When the Sun Stood Still
This article is from the archive of The New York Sun before the launch of its new website in 2022. The Sun has neither altered nor updated such articles but will seek to correct any errors, mis-categorizations or other problems introduced during transfer.
When Israel was planning its attack on Iraq’s nuclear reactor 30 years ago next week, the general staff wanted to carry out the raid after sunset to give its pilots the cover of darkness on the way back. But the lead pilot, Colonel Ze’ev Raz, was opposed, because, he later told the Jewish Press newspaper, he thought that “if we did the bombing after sunset there wouldn’t be enough light.”
The decision forced the pilots to fly back in the full light of the setting sun. So great was their speed as they raced home that the sun was out the whole time. It never set. “It was though it remained standing in the middle of the horizon,” Colonel Raz told the Jewish Press, and the pilots radioed one another to recite the prayer of Joshua, “Sun, stand still over Gibeon. . . .”
The story is beautifully recounted in the Jewish Press this week in a dispatch by its senior editor, Jason Maoz, who quotes Colonel Raz as saying that the very recalling of the incident gave him goose bumps. All the more so for the rest of us today as the world watches and waits to see what will be done in respect of a new nuclear program designed to enable an atomic attack on the six million Jews of Israel.
Today there is much handwringing over what to do about the Iranian program. The thing to remember is that there were also risks 30 years ago, and it’s hard to see how they were different in anything but scale, if that. Nor is the political alignment much different. The same countries and newspapers that opposed Israel’s raid on Iraq 30 years ago can be expected to fly into high dudgeon if Israel — or America — attacks the Iranian nuclear program.
Thirty years ago, the decision to attack Iraq was Prime Minister Begin’s. Gradually, those who criticized him came around. The editor of the New York Times — which had issued an editorial accusing Israel of launching a “sneak attack” that it characterized as “an act of inexcusable and short-sighted aggression” — later acknowledged that the paper had made an error of judgment. President Reagan, whose administration signed onto a U.N. resolution against the raid, later acknowledged, the Jewish Press reminds us, that privately he “sympathized with Begin’s motivations” and “believed we should give him the benefit of the doubt.”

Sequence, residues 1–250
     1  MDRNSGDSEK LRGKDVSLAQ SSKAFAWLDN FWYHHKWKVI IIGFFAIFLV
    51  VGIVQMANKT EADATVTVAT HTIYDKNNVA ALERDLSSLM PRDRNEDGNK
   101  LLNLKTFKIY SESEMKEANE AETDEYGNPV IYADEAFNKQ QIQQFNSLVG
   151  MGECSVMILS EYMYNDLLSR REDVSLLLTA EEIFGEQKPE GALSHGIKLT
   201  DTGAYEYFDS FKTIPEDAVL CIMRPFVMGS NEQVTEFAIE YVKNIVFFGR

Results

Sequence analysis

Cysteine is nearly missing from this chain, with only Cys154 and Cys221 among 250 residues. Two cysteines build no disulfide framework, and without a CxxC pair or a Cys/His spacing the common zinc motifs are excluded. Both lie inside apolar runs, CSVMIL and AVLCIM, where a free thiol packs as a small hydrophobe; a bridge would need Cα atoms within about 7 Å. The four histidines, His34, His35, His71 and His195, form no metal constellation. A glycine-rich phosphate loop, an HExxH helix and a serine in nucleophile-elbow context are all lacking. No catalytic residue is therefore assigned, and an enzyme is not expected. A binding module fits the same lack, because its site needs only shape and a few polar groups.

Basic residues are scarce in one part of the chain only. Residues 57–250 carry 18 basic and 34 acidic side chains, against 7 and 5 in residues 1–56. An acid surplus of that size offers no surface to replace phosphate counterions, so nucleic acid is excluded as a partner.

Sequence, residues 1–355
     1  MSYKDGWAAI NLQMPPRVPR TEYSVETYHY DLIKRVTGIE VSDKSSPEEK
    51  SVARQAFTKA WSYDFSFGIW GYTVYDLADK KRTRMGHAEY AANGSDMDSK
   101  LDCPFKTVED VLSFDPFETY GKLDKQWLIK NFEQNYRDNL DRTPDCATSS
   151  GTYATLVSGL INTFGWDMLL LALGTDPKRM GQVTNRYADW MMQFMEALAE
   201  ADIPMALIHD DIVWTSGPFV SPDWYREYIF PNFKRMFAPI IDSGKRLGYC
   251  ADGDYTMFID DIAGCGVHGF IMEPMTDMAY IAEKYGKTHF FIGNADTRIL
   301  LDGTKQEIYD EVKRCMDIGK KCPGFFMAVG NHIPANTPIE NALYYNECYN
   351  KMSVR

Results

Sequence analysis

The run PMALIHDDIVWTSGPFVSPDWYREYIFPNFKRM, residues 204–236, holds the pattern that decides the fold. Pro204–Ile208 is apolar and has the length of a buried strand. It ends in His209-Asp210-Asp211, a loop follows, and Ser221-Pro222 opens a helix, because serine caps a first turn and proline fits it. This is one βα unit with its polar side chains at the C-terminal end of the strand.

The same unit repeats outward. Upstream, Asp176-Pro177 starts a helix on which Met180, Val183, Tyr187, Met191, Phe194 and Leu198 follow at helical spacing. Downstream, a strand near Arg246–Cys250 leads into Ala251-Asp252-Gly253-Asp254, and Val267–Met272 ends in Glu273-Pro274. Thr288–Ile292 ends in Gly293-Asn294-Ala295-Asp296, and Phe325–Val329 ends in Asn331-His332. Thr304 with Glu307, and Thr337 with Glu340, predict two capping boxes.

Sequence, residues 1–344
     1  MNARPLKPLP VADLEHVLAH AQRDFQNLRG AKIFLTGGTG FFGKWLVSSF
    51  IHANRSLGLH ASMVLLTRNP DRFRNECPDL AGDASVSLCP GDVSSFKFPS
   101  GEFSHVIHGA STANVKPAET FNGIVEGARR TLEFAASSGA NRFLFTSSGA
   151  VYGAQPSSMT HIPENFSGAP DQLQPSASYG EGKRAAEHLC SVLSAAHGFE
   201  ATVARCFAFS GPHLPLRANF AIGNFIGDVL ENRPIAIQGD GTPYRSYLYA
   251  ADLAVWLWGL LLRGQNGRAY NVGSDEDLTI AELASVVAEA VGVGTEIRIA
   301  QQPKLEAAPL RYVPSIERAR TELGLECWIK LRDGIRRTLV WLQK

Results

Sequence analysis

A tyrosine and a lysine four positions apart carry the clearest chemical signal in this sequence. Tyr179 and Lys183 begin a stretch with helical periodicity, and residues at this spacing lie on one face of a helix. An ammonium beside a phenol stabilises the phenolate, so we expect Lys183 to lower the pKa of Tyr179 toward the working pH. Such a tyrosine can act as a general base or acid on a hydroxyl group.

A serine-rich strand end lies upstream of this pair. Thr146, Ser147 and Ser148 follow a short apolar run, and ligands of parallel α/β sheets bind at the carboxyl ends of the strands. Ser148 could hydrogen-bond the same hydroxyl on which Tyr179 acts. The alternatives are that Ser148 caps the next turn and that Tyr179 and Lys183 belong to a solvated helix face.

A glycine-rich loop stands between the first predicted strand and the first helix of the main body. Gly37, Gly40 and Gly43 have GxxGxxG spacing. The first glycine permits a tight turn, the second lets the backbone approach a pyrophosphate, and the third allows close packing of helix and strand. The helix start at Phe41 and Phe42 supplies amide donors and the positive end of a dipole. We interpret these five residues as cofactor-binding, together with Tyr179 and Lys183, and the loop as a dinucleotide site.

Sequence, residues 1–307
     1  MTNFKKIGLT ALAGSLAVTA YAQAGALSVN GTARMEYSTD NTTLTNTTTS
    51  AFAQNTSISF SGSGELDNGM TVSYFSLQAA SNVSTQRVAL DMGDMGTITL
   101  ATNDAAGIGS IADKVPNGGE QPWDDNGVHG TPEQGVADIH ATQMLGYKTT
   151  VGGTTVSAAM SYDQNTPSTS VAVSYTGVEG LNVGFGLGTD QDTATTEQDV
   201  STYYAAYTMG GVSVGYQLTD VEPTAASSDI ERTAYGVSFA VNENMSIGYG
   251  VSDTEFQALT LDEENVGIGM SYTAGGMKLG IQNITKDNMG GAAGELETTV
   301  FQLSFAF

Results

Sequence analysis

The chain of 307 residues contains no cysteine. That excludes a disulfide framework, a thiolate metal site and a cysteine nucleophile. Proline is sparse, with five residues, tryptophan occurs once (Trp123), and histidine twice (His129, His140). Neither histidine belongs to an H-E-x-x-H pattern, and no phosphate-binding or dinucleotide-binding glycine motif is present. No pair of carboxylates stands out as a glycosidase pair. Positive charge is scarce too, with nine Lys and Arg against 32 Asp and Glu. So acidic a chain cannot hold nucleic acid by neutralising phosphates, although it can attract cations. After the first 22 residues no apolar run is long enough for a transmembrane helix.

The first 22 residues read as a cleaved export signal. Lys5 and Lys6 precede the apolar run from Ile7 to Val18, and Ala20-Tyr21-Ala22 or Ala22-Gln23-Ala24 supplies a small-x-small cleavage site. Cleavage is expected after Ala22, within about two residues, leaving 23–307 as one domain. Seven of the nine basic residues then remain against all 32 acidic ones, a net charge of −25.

Begin himself never had any doubts. He was a natural leader, who had risen from underground to take on the British Empire. He didn’t debate his decision in public before he made it, though he’d made consultations among his military and strategic advisers in Israel. He never asked anyone for permission, though he informed some of his countrymen, including the Labor Party leader Shimon Peres, of the possibility of an attack. He told his cabinet of what was about to happen only as the Israeli F-16s were approaching Baghdad. To those who caviled, he had his reply. “There won’t be another Holocaust in history — never again.”
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We have often thought about Begin in the years since then. He came to believe that ordering the destruction of the Iraq atomic plant was the most important thing he did in his entire astounding life. It certainly set him up for re-election, after a season when voters had grown doubtful. He knew before he launched the attack that it was by no means certain that Iraq would obtain an atomic bomb. But he knew there was a possibility.
Begin knew, too, that the situation would grow steadily more dangerous. He knew that it’s better to act, to do one’s best, than to live forever in fear. He knew he risked defeat. But he knew what success would mean. And no doubt he knew that sometimes in the heat of battle marvelous, even miraculous things can happen, even that the sun can stand still like it did that day over Gibeon.